The concept of MRC (Machine Reading Comprehension) is a natural way of evaluating a computer’s language understanding ability. In the NLP (Natural Language Processing) community, MRC has gained extensive attention, intending to overcome the challenge of a machine reading text passages and then answering the questions. It is also proving to be an important technology for applications such as search engines and dialog systems. These advancements in representation learning have led to separated progress in both IR (Information retrieval) and MC (machine comprehension), however, very few studies have examined the combined design of retrieval and comprehension at multiple levels of granularity, for the development of MRS (Machine Reading at Scale) systems.
In this blog, we’ll discuss the idea and the need for MRS –
Machine Reading at Scale (MRS)
Instead of focusing just on smaller text concepts, Danqi Chen et al. came up with a solution of machine reading at scale. To achieve the task of reading Wikipedia for answering open-domain questions, a search component based on bigram hashing and TF-IDF matching was combined with a multi-layer recurrent neural network model, trained to detect answers within Wikipedia paragraphs.
MRC algorithms assume that a short text is already identified and given to the model, which is not realistic for building an open-domain QA system. On the other hand, methods that use retrieval over documents should employ search as an important part of the solution.
MRS creates a fine balance between the two approaches because it is focused on simultaneously maintaining the challenge of machine comprehension while keeping the realistic constraints of searching over a large open resource.
Why MRS is Important?
You may have seen almost every enterprise adopting chatbots in recent times. Many industries have turned to conversational AI approaches, especially banking, insurance, and telecommunications sectors, where large text logs are involved.
One of the major challenges they face for conversational AI approaches is to understand complex sentences of human speech in the same way that humans do. The issue becomes more complex when this needs to be done over a large volume of texts.
MRS can help with both these concerns by answering objective questions from large text logs or corpus, with high accuracy. The approach can be used in real-world apps like customer service.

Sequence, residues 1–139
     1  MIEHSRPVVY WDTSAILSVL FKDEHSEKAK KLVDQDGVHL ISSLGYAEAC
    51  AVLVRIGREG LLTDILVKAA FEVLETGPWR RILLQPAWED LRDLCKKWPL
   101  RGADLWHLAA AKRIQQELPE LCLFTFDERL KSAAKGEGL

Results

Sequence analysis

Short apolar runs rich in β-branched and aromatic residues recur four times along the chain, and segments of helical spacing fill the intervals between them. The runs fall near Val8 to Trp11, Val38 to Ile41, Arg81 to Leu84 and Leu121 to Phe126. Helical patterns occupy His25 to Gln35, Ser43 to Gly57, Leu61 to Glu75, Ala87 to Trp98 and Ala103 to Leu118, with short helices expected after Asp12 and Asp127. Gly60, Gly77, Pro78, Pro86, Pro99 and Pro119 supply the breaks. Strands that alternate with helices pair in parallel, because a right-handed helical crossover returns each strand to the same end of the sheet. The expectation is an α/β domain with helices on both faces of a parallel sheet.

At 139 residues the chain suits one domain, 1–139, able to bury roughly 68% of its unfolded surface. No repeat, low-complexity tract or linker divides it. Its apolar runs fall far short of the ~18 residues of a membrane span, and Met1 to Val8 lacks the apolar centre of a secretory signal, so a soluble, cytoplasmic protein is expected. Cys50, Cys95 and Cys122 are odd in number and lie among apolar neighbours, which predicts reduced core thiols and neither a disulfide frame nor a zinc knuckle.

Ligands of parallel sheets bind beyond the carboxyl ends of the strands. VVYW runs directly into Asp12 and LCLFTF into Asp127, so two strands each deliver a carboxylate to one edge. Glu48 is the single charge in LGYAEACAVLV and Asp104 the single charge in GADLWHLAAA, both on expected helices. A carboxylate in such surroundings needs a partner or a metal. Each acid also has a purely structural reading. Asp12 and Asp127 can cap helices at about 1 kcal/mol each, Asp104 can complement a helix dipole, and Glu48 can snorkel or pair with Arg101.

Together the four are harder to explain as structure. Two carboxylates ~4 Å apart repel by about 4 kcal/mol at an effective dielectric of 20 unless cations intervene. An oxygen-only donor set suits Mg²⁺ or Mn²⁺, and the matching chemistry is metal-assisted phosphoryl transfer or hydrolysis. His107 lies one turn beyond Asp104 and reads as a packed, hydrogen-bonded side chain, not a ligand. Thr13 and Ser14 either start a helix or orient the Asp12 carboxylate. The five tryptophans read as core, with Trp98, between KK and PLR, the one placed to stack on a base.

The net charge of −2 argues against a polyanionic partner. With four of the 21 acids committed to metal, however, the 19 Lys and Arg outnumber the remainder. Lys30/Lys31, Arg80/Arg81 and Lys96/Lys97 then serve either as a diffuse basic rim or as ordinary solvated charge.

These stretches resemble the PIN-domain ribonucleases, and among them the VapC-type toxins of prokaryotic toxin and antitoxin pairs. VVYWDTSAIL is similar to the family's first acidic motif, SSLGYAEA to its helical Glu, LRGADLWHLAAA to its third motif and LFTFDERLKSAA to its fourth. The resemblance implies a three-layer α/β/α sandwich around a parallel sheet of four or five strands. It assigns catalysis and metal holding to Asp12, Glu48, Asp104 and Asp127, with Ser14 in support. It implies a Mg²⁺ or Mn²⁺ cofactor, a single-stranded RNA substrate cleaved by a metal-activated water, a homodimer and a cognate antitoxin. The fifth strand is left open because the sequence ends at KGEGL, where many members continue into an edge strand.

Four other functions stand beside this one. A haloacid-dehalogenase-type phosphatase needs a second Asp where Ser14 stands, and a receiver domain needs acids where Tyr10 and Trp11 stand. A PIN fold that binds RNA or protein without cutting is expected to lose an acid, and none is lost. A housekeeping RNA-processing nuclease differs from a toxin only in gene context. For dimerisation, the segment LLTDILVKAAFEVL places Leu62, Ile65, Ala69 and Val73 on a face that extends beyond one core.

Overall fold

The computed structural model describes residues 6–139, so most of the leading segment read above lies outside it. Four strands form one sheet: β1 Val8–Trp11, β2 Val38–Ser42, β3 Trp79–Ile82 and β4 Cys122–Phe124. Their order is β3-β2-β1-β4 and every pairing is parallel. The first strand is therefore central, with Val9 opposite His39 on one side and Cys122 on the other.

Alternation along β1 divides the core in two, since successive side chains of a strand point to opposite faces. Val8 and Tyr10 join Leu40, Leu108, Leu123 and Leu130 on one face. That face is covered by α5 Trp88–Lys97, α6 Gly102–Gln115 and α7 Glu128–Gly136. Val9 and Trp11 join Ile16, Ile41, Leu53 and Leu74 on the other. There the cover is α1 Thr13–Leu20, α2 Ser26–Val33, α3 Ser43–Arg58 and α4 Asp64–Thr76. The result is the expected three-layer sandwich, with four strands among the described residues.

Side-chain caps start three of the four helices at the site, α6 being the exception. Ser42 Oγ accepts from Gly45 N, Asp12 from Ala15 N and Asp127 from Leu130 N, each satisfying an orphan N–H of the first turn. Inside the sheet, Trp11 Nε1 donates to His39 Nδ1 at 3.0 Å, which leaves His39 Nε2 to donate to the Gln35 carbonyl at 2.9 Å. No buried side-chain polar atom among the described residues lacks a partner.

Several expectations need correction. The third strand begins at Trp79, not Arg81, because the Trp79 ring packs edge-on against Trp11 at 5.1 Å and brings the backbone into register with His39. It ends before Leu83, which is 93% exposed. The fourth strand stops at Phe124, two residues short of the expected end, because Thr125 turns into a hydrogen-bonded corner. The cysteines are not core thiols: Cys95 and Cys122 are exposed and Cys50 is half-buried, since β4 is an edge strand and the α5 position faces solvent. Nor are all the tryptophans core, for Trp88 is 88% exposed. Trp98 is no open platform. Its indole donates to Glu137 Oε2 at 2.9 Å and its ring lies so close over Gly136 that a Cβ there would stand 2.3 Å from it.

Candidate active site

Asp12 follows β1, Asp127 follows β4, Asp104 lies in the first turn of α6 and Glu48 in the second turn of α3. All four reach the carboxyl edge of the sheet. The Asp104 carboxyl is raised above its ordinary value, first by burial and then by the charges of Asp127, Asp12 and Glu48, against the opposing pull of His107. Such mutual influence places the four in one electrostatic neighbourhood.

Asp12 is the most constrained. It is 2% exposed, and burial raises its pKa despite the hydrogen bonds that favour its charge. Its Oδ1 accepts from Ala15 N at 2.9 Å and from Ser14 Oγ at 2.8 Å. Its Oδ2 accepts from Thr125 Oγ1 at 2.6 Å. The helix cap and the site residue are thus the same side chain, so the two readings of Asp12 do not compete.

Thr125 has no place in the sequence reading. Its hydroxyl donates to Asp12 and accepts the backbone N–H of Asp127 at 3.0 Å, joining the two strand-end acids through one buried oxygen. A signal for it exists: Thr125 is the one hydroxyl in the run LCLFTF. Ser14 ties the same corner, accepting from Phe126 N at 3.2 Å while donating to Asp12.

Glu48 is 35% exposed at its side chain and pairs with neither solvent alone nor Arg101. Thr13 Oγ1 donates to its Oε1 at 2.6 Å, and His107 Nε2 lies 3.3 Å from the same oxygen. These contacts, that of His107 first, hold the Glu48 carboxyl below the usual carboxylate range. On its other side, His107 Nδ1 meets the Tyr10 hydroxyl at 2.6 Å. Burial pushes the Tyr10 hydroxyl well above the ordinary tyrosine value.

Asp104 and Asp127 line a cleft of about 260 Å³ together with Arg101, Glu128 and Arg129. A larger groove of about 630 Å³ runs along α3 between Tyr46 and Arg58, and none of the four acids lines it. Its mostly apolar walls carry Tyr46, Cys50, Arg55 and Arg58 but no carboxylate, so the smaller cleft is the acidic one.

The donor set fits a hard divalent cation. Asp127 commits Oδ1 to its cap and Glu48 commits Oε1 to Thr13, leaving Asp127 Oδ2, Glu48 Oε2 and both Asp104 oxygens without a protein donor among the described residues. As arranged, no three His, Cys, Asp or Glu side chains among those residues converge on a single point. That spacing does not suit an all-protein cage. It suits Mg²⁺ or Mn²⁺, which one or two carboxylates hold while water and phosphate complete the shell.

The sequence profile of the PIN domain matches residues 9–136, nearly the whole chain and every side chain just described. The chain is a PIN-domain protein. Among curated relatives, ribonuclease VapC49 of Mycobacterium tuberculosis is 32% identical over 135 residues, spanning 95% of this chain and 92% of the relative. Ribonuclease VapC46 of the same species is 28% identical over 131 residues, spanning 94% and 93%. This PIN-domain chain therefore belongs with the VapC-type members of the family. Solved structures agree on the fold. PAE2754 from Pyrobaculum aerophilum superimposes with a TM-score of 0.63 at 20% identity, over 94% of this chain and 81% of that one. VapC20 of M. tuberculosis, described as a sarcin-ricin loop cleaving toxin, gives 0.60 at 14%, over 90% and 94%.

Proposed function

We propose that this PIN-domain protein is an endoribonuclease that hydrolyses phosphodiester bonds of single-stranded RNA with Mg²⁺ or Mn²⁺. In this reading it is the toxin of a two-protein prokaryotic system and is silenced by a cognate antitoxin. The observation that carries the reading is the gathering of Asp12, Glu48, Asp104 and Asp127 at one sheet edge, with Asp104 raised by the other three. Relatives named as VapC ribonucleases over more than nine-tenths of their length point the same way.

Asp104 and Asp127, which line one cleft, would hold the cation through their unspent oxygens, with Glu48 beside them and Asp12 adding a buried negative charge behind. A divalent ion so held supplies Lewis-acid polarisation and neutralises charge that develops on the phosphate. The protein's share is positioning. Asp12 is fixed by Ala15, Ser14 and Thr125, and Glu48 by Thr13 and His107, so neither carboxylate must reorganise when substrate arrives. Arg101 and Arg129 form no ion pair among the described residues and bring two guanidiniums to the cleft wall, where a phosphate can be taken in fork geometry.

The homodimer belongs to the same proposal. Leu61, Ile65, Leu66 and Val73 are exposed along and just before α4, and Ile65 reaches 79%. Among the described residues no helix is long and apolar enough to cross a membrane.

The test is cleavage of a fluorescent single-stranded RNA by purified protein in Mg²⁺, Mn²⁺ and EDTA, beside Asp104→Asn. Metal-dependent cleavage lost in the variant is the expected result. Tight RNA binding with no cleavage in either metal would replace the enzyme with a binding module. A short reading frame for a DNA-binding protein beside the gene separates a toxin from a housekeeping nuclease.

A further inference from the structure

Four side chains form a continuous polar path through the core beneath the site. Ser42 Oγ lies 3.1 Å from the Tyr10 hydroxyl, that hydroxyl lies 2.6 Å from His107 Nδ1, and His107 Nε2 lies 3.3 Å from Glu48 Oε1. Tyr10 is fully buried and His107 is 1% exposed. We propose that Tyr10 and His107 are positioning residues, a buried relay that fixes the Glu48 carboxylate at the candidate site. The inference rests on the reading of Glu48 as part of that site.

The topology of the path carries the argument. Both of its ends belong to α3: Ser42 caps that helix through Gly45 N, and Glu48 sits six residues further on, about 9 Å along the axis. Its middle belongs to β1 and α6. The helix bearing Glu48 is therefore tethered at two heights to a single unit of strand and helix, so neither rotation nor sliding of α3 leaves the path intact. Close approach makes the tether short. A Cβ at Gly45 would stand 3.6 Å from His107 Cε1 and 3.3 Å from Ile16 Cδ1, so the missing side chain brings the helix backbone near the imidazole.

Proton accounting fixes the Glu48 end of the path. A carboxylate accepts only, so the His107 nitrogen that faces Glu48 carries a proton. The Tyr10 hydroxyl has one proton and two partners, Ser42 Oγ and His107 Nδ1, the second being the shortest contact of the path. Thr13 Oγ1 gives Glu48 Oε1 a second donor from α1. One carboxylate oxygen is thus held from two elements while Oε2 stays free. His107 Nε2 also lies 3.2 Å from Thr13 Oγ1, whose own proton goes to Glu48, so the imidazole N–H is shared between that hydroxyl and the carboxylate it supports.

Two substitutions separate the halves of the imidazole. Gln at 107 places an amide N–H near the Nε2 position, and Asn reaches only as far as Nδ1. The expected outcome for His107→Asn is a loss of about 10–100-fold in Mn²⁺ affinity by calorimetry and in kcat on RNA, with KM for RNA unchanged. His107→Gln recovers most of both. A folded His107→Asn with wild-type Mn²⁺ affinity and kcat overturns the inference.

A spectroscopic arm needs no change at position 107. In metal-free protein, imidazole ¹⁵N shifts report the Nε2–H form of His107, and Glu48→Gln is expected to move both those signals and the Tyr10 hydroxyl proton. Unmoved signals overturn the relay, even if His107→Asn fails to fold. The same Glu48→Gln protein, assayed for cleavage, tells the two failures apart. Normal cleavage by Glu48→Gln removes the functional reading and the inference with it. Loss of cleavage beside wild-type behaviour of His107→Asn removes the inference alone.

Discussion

Let’s evaluate the MRS approach to solve automatic QA capability on a large corpus –
The DrQA is a system for reading comprehension applied to open-domain QA, targeted at MRS, where we’re searching for the answer to a question in a huge corpus of unstructured documents. The system must combine challenges of document retrieval alongside machine comprehension of the text.
Deep Learning Virtual Machine (DLVM) is used as the computing environment, which makes it more straightforward to use GPU-based VM instances for deep learning models. It’s supported on Windows 2016 & Ubuntu Data Science Virtual Machine, shares core VM images as the DSVM, and is configured to make deep learning easier. The experiments are run on a Linux DLVM with NVIDIA Tesla P100 GPUs. PyTorch backend is used to build models.
Facebook Research GitHub is forked for the blog work and the DrQA model is trained on the SQUAD dataset. Pre-trained MRS will be used for evaluating the large Gutenberg corpuses using transfer learning techniques.
Machine Learning Algorithms
Large-scale Python machine learning projects include problems associated with specialized machine learning architectures and designs which are hard to tackle. But finding algorithms, designing and building platforms that can deal with large text logs, corpora or data is a growing need. With the rise of big data, there’s an increasing demand for computational and algorithmic efficiency. Machine learning with Python training can help you speed up the algorithms and improve scalability.
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